A Tale Of Three Cities La Paz, Sucre, And Potosí!

A Tale of Three Cities La Paz Sucre and Potosi

Otherworldly Uyuni (the largest salt flat in the world) officially put Bolivia on the map as one of South America’s premier tourist destinations. But the outstanding sights, sounds, flavors, history, culture, and general excitement of Bolivia certainly do not stop at Uyuni’s sea of salt. And three cities stand out from the rest: La Paz, Sucre, and Potosí! In true Dickens’ fashion, you could say that their cobblestone streets echo “the best and worst of times” in Bolivian history.

Join us for this tale of three cities in Bolivia, and consider adding La Paz, Sucre, and Potosí to your South America bucket list!

La Paz

La Paz Bolivia Travel

Bolivia belongs to a unique group of countries that claim two capital cities. Following a civil war in the 19th century, the Bolivian government divided its capital between Sucre and La Paz. The executive and legislative branches of government moved to La Paz, while the highest courts remained in Sucre, making it the “judicial capital” of Bolivia. This means La Paz serves as the “administrative capital.” This split has increased political tension in the last few decades, as Sucre tries to regain its full-fledged capital status. For now, however, La Paz shares the title and remains the highest capital city in the world at 11,940 feet above sea level, in the breathtaking Andes Mountains.

La Paz truly has so much to offer an eager traveler looking to experience the best of Bolivian culture in the Andes, and especially of Bolivian food. In fact, thanks to La Paz, Bolivia is inching its way towards the next foodie epicenter of South America over Lima, Peru. The avant-garde Gustu restaurant showcases hyper-local Bolivian dishes with a modern take, whereas Popular Cocina Boliviana restaurant aims to elevate classic Bolivian food for tourists and locals alike. If you can’t make it to these culinary hotspots, definitely make sure to savor a salteña (traditional Bolivian empanada), and slowly sip a comforting mug of api (a hot beverage made with purple corn) to stave off the evening Andean chill.


Sucre Bolivia Travel

350 miles southeast and a couple thousand feet lower than La Paz, lies its capital city twin Sucre. Following the tradition of many Latin American countries, Sucre is Bolivia’s “White City” (for Peru, it’s Arequipa and Colombia, it’s Popayan, for example). Indeed, the architecture and history connected to Sucre draw countless tourists each year, especially those who look to travel back in time, so-to-speak. UNESCO even designated Sucre a world heritage site in 1991 for monuments such as the Basílica Metropolitana and St. Francis Xavier University, one of the oldest in South America.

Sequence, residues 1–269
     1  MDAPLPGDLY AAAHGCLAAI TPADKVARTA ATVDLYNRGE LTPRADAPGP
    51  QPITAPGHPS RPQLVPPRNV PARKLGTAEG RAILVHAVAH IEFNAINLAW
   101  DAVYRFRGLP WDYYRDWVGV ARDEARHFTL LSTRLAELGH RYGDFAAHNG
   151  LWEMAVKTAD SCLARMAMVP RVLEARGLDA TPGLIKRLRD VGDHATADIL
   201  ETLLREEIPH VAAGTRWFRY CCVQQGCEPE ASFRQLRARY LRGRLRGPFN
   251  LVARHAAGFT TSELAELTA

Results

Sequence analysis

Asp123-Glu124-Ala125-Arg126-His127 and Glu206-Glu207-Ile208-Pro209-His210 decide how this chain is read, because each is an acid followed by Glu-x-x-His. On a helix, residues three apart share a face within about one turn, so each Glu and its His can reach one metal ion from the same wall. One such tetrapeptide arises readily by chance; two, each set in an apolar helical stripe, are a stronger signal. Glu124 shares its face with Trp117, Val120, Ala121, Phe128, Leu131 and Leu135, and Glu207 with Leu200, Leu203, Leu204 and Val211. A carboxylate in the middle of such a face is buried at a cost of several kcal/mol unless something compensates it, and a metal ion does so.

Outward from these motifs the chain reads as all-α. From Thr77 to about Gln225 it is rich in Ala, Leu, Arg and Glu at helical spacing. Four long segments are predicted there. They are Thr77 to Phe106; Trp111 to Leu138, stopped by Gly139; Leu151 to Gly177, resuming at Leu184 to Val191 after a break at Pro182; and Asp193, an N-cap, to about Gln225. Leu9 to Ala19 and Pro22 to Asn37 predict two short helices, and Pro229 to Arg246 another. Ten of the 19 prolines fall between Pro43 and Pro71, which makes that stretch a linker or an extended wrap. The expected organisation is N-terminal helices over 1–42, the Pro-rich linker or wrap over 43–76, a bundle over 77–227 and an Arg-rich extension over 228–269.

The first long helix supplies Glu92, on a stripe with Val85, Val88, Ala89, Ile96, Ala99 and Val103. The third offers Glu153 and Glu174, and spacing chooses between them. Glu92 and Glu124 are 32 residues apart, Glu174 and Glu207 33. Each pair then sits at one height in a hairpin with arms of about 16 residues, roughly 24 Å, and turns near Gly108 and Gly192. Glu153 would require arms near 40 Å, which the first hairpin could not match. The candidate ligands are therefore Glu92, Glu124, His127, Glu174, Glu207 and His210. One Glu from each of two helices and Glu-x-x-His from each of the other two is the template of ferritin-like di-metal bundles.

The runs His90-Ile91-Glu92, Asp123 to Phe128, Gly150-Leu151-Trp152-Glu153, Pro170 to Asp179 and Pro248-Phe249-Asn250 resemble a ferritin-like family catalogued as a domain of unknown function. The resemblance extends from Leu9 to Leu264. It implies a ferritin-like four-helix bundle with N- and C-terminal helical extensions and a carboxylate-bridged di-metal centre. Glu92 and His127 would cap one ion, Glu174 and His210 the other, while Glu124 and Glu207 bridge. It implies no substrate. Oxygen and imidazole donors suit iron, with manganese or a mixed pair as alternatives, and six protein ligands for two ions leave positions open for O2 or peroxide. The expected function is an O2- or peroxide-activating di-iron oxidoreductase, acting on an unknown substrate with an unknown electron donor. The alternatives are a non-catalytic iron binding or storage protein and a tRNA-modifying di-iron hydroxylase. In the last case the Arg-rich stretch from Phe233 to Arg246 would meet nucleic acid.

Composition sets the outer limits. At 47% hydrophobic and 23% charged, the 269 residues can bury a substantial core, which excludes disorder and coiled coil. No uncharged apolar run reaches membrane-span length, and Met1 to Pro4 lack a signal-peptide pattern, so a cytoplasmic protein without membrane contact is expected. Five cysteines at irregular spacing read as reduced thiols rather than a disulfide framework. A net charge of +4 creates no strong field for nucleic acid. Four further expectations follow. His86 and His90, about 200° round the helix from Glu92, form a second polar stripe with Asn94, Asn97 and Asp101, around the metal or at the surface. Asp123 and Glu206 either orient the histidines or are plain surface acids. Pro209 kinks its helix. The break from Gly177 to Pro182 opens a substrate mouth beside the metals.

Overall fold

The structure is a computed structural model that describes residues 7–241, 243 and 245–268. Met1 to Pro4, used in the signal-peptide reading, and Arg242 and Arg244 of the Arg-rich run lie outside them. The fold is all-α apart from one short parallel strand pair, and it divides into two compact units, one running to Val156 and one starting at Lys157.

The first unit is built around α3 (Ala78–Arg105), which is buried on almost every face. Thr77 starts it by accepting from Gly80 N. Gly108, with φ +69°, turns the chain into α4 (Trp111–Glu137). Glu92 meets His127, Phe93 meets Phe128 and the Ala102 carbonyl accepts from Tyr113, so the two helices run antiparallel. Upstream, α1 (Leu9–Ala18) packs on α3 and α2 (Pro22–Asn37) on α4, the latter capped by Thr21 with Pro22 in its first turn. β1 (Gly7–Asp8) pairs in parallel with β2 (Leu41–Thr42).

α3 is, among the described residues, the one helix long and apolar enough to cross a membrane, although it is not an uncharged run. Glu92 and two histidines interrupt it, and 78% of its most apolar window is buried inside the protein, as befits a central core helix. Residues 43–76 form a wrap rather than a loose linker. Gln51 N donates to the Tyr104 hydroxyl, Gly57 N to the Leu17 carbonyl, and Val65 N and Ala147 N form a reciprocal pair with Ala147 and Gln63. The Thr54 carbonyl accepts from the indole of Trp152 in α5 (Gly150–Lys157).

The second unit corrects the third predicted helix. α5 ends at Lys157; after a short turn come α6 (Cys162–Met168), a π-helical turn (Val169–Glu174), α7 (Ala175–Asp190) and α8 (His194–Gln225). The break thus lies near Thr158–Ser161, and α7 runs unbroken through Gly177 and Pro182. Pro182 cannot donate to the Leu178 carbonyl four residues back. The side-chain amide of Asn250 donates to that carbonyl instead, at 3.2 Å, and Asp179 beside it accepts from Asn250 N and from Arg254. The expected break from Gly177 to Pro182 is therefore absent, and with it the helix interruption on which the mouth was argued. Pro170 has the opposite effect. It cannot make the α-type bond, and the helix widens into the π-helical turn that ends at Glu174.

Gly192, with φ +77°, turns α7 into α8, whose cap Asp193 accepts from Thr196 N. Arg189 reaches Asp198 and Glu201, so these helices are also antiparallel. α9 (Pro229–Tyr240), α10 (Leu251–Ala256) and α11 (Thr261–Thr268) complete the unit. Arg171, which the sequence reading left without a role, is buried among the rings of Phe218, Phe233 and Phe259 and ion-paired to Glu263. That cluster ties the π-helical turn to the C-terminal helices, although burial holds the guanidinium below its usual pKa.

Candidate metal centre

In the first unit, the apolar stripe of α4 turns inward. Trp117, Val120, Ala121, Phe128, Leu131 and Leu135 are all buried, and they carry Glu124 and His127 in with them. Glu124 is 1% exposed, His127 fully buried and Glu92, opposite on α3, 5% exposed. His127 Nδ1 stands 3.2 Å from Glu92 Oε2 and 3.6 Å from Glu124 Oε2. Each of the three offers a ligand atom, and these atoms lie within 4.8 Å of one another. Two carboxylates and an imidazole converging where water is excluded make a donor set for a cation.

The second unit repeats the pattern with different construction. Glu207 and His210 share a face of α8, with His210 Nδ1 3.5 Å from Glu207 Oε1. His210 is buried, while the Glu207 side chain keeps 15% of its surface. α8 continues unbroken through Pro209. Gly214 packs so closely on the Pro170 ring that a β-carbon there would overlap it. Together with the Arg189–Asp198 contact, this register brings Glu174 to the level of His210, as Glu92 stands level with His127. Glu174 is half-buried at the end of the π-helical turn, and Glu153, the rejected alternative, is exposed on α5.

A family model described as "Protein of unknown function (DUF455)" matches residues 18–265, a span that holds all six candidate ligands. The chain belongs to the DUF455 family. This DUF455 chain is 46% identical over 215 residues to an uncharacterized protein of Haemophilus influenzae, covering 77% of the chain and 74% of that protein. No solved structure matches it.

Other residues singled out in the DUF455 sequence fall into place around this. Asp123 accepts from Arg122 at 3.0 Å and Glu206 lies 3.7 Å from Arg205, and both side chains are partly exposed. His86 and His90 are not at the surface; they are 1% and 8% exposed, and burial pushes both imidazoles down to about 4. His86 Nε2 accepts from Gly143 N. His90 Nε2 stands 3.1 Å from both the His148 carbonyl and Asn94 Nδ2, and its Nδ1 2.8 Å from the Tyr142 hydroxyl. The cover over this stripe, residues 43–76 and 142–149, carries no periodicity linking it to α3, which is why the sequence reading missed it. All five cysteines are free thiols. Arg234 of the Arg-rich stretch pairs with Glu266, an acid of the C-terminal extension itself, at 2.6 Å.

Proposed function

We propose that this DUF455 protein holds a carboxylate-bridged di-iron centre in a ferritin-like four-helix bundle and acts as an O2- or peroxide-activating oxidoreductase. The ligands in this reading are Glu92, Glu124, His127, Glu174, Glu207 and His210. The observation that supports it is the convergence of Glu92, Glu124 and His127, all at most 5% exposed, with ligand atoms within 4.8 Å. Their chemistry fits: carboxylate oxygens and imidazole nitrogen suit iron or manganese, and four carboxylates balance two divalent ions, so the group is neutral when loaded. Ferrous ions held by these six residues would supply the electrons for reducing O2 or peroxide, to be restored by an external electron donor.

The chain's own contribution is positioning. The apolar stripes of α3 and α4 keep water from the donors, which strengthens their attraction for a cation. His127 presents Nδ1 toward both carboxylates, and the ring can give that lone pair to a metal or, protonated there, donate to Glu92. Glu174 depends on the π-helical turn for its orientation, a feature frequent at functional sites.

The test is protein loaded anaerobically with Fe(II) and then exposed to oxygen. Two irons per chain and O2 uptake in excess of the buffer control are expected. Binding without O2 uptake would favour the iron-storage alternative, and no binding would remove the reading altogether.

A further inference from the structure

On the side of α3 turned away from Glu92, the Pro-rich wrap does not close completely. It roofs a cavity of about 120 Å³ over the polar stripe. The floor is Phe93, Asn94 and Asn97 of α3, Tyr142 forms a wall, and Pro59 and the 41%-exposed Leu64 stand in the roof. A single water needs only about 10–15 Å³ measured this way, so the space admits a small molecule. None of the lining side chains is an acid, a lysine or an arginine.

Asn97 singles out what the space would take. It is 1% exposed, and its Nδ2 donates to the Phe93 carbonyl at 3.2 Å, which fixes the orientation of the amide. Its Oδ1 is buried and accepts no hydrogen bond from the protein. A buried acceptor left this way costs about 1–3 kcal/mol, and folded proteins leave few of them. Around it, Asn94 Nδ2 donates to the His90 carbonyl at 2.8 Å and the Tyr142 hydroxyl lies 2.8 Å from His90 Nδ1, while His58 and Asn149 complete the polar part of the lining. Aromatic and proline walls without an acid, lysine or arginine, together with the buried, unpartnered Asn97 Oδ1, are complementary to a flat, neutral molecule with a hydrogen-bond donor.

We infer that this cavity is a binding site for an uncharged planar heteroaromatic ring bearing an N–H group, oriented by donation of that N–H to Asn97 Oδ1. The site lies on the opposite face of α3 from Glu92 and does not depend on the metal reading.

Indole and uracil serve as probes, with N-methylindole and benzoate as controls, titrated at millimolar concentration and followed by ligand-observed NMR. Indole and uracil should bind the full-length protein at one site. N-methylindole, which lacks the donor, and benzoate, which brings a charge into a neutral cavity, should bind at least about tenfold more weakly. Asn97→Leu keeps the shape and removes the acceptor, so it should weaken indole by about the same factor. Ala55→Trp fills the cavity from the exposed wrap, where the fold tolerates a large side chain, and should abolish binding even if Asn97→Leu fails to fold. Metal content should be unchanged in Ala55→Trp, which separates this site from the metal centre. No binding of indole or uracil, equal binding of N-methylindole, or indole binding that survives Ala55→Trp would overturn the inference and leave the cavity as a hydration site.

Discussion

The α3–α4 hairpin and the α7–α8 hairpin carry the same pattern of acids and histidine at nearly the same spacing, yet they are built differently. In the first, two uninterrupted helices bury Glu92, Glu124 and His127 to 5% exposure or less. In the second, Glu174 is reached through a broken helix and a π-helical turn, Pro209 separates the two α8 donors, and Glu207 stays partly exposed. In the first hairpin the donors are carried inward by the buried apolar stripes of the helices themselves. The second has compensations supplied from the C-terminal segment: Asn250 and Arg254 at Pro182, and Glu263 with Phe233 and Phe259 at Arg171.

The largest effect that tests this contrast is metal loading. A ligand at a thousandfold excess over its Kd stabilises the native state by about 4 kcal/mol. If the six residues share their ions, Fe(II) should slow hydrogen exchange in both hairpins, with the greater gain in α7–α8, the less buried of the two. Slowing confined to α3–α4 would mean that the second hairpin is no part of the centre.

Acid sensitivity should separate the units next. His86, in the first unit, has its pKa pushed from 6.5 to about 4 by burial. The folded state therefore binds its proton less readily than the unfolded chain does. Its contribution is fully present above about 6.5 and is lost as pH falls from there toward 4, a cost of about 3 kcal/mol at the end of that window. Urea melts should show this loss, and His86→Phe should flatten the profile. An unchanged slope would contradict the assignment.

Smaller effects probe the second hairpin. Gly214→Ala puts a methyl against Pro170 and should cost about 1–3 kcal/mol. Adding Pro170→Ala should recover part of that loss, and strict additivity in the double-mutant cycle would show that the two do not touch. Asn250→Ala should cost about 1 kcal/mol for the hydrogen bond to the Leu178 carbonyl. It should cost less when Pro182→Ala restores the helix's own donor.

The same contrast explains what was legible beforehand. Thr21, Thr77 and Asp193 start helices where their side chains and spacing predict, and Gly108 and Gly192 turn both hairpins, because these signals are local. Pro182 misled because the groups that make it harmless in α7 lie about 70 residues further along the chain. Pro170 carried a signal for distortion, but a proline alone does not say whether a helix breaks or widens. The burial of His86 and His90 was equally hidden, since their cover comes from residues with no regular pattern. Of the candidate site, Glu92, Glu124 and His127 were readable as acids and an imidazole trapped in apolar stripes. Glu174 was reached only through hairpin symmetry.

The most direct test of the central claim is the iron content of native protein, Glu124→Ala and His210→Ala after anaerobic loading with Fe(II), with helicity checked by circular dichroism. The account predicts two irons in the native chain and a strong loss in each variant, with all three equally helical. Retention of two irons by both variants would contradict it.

And if your jaw doesn’t fully drop over these stately buildings frozen in time from the 16th and 17th centuries, then it might over the nearby dinosaur footprints! Just outside of Sucre city limits, you will find the world’s most extensive collection of dinosaur footprints in the Parque Cretacico. The park contains fifteen different species of dinosaur footprints, which include the most ferocious Tyrannosaurus Rex!


Potosi Bolivia Travel

A mere fifty miles south of Sucre, you will find the charming city Potosí, with a bit of a tortured past. Most known for its extremely profitable silver mines dotting Cerro Rico (meaning “rich hill”), Potosí once boasted three times London’s population as a global economic powerhouse. In the late 16th century, miners pumped out 200,000 kilograms of silver per year for distribution across the earth’s far reaches. On the flip side, Potosí also gained a global reputation for being the figurative “mouth of hell” for the miners, many slaves, who toiled under exceedingly cruel conditions.

Of course, you can visit some of the Cerro Rico mines, taking into account this wealth of history, the good with the bad. This is one of Potosí’s most prominent attractions, however similarly to Sucre, you can visit its charming colonial architecture. UNESCO also made Potosí a world heritage site in 1987. Specifically, Casa de la Moneda is a colonial-era mint turned museum that showcases where, and how, Potosí’s silver was transformed into coins before being shipped off to Spain.

Weave your very own tale of three cities during your bespoke journey to Bolivia. Grab a zesty bite in La Paz, bask in Sucre’s remarkable architecture and history, and relive the two-sided silver coin of Potosí’s global legacy. Contact us to get the planning started!

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